While we are relieved that Ms. Becker is out of jail, another California woman, Adora Perez, remains in prison stemming from nearly identical facts as Ms. Becker's case and prosecuted by the same district attorney. We, along with our partners in California, continue to fight for Adora Perez’s freedom and for all people who are facing prosecution based on pregnancy or any outcome of pregnancy.
And in Alabama, we filed a motion to dismiss an indictment against Kimberly Blalock, a mother in Lauderdale County. Alabama, a state that leads the nation in arrests of women in relationship to their pregnancies, seems to have identified yet another criminal charge to use against pregnant people. Ms. Blalock was indicted on a felony drug charge: unlawful possession of controlled substance obtained by fraud, deceit, misrepresentation, or subterfuge. What had she done? While pregnant, she had renewed her prescription for an opioid to manage severe and chronic back pain. Staff Attorney Emma Roth and Alabama co-counsel Brian White will continue to fight this misuse of Alabama’s drug possession law and for the rights of all people, including pregnant patients to access necessary medical care without fear of arrest, prosecution and incarceration.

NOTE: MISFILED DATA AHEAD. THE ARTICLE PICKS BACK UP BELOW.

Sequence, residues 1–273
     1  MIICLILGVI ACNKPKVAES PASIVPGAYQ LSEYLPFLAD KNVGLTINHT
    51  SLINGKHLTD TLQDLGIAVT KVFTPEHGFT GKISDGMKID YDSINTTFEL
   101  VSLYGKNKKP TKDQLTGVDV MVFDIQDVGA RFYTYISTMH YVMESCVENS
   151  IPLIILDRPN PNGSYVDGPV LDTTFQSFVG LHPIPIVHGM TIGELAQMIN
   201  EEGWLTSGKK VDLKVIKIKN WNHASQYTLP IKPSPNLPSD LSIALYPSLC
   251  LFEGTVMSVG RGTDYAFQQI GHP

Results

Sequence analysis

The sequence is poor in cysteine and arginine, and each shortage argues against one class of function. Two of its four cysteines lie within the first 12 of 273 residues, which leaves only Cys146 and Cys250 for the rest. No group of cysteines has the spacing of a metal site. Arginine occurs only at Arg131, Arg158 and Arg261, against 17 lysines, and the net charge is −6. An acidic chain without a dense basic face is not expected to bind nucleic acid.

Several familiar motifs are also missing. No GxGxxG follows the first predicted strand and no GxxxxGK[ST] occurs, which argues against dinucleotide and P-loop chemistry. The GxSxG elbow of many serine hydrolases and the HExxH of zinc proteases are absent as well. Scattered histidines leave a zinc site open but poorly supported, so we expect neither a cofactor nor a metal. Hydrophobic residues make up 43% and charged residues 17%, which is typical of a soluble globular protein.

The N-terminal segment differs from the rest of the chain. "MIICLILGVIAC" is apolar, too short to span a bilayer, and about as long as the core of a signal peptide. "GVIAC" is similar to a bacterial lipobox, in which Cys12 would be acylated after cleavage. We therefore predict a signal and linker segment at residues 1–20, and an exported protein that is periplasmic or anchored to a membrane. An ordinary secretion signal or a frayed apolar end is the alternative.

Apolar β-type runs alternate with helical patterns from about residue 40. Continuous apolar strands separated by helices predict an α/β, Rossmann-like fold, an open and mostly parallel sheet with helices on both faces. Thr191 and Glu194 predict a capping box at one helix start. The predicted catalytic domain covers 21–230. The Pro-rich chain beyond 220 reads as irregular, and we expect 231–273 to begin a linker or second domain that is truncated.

Marijuana Reform Finally Achieved!
This month, New York State approved the Marijuana Regulation and Taxation Act (MRTA) legalizing marijuana in a way that centers equity and social justice. We congratulate the many organizations, including the Drug Policy Alliance and individuals who worked tirelessly for this extraordinary legislation that not only legalizes recreational marijuana use in NY but also promises to invest in the communities that have been disproportionately harmed by drug criminalization laws.
This law does something else that is also quite exceptional. It anticipated the law’s potential impact on people targeted by the child welfare system and specifically prohibits child welfare and related interventions against parents solely for conduct permitted under the MRTA. NAPW is proud to have supported these reforms.
Announcing New NAPW Team Members!
As the need for our work grows, so does the need to grow our staff. We are thrilled to announce the addition of seven new team members within last year. Please meet all our new team members who bring unique and accomplished perspectives.